The universal appeal of Hiccup and Toothless has touched the hearts of many people round the globe when the first “How To Train Your Dragon” soared successfully into theatres last 2010 and nabbed two Academy Award nominations for Best Animated Feature and Original Score. The first film, based on the children’s books written by British author Cressida Cowell, introduced to audiences the gangly teenage Viking Hiccup, whose world is flipped upside down when he encounters and befriends an injured dragon he names Toothless.
In the upcoming sequel, “How To Train Your Dragon 2,” it is Hiccup’s coming of age story, “not the ‘further adventures’ of Hiccup and Toothless” as some sequels are prone to do. When director Dean DeBlois pitched his idea for the second film to DreamWorks Animation executives, another crucial element of his pitch was the fact he wanted to age the characters by five years. In the movie, it is effectively a Utopian society, but there is trouble looming as Hiccup, now a young man, discovers while out exploring with Toothless that the ruthless conqueror Drago Bludvist (Djimon Hounsou) is hell-bent on destruction. He is building a dragon army. It is up to Hiccup to face his destiny and tackle the daunting challenges that lie ahead.
He discovers an unexpected ally: his long lost mother Valka (Cate Blanchett). Valka disappeared many years ago and it emerges that she is in fact a dragon whisperer who has an uncanny connection to these amazing creatures. Presumed dead by both her husband Stoick (Gerard Butler) and their son, she has spent two decades rescuing dragons from traps and keeping them safe in an Arctic, dragon sanctuary.
Astrid, Hiccup’s champion dragon racer girlfriend returns, voiced by America Ferrera, as do other familiar characters from the first film: Snotlout (Jonah Hill), Fishlegs (Christopher Mintz-Plasse) Tuffnut (T.J. Miller) and Gobber (Craig Ferguson). Kit Harington from “Game of Thrones” joins the cast asthe dragon trapper, Eret, Son of Eret.
“Kristen Wiig, who plays Ruffnut, does it so well,” DeBlois says of her constant rejection of the boys and her slavish fawning over Eret. “She’s the last of Berk’s scarce and scary single ladies but she has no interest in either of them. We have some very strong female characters in Astrid and Valka. We thought there was room to have one that was completely shallow and vapid as well,” he chuckles. “We made Ruffnut as ridiculously shallow as possible. She’s willing to throw everything she has at Eret to try to get his attention, just as Snotlout and Fishlegs are dying for hers.”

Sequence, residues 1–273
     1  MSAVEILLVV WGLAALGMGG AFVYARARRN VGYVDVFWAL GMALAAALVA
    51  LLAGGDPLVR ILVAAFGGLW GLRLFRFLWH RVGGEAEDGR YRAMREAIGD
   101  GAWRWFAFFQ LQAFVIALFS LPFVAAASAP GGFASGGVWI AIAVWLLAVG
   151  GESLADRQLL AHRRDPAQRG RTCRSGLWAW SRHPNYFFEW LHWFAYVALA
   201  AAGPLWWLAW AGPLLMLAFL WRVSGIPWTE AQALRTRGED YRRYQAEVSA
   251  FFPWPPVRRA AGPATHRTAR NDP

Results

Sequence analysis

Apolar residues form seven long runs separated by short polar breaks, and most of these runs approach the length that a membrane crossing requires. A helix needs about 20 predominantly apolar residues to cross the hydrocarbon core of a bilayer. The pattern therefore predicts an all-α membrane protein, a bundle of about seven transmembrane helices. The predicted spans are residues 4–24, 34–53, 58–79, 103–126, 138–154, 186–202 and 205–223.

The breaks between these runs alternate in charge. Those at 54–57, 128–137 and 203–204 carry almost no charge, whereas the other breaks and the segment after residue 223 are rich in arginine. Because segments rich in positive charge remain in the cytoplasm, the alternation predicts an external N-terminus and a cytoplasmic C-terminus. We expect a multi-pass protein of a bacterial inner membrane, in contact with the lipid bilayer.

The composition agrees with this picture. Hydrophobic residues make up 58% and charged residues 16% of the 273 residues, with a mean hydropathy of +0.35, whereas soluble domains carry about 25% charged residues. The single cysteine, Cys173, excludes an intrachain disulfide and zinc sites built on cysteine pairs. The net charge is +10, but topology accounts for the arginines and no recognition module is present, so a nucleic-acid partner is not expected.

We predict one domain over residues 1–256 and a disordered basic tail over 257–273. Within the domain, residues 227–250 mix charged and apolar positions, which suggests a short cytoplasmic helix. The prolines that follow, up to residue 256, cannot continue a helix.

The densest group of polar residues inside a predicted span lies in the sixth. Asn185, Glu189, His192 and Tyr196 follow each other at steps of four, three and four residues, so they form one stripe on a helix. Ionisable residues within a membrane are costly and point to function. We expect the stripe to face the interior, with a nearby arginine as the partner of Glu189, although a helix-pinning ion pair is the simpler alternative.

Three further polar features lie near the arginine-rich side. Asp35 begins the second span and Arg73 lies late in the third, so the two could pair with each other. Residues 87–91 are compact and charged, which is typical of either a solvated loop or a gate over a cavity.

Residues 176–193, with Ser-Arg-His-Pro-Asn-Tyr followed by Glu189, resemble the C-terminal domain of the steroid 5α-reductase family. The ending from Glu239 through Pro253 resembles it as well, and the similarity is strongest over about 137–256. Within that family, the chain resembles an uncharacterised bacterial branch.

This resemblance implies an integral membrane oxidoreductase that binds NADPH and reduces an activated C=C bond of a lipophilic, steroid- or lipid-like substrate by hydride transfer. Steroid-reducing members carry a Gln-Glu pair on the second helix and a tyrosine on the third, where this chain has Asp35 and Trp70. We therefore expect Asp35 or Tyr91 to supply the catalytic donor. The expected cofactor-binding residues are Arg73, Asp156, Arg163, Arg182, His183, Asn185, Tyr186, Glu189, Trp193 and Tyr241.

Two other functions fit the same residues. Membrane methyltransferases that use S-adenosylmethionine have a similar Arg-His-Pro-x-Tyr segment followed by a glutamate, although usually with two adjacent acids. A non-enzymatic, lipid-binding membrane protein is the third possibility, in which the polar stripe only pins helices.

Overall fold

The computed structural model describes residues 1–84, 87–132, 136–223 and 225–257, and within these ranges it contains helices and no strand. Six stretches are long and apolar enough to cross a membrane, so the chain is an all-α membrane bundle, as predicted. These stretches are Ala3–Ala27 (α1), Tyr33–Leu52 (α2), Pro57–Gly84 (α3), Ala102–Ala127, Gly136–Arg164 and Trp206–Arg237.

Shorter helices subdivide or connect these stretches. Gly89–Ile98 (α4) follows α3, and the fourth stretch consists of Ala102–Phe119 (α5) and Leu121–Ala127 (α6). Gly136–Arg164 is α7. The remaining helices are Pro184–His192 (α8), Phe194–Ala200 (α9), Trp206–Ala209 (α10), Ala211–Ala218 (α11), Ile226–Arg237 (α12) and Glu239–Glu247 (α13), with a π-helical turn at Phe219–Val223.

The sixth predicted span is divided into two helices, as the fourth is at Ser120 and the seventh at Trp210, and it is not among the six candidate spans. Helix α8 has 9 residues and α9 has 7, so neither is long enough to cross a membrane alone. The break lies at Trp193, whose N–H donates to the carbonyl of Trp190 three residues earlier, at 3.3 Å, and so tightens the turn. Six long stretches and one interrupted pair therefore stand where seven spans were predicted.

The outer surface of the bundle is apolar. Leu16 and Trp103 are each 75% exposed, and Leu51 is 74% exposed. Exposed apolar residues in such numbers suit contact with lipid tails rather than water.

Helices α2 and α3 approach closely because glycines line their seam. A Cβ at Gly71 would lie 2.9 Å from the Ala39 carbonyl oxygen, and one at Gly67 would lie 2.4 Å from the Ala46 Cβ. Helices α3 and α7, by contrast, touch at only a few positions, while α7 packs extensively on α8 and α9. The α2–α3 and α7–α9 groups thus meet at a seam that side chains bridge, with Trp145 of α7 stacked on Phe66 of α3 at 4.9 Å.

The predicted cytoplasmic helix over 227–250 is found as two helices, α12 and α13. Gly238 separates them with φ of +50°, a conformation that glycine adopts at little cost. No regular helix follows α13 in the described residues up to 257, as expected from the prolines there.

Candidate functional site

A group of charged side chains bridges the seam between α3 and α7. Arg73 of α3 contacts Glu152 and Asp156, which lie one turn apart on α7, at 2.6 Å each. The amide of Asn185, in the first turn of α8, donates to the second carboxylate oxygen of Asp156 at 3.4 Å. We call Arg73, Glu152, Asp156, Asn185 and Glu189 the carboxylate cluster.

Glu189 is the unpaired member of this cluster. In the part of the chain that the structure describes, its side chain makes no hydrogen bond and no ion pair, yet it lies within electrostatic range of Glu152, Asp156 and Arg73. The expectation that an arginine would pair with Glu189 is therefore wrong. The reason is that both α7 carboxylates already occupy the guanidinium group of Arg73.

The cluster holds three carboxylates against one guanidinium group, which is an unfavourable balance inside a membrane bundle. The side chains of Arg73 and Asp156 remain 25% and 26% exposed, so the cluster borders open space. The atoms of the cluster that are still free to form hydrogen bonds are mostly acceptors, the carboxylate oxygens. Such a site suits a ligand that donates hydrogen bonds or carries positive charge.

This time around audiences get to see a different side of Jonah Hill: putting romantic charm into his character as Snotlout tries to gain the advantage over Fishlegs for Ruffnut’s affections. But he really hasn’t changed much. Christopher Mintz-Plasse is back as Fishlegs, the big, loveable oaf who knows everything there is to know about dragons. “We get to see a more aggressive side to him this time around because of his competition with Snotlout,” Owens adds. Ruffnut’s antagonistic twin is played by T. J. Miller. “T.J. Miller is one of the funniest people on Earth,” DeBlois says. “He gives us all sorts of ad libs that I love to use whenever we can. I just can’t get enough of the banter he has with Kristen as the battling twins — and they’re always at war with each other. It’s just kind of a silly, nonsensical joke. We love to play out the idea that even though they’re forced to work together, they’re always trying to sabotage each other.”
“Eret, son of Eret, who is one of three new characters in Dragon 2, is a little bit full of himself. He claims to be the finest dragon trapper alive,” says DeBlois, “because he and his team have been successfully trapping them for some time.” In time, his opinion will change. “There’s more substance to him than Hiccup and Astrid give him credit for when they first meet him,” DeBlois says. He works for Drago Bludvist, a vicious megalomaniac without conscience or mercy, who once claimed to be a man of the people, devoted to freeing mankind from the tyranny of dragons. In reality he presents an even bigger danger than Eret, who’s just a middleman: Drago is building a dragon army.
“How To Train Your Dragon 2” is action-packed, moving and funny. Visually stunning, the 3D film is highly immersive with wondrous images of fantastic and realistic looking dragons soaring across the skies.
A DreamWorks Animation film, “How To Train Your Dragon 2” is now showing in cinemas (available in 2D, 3D and 4DX format) from 20th Century Fox and distributed by Warner Bros.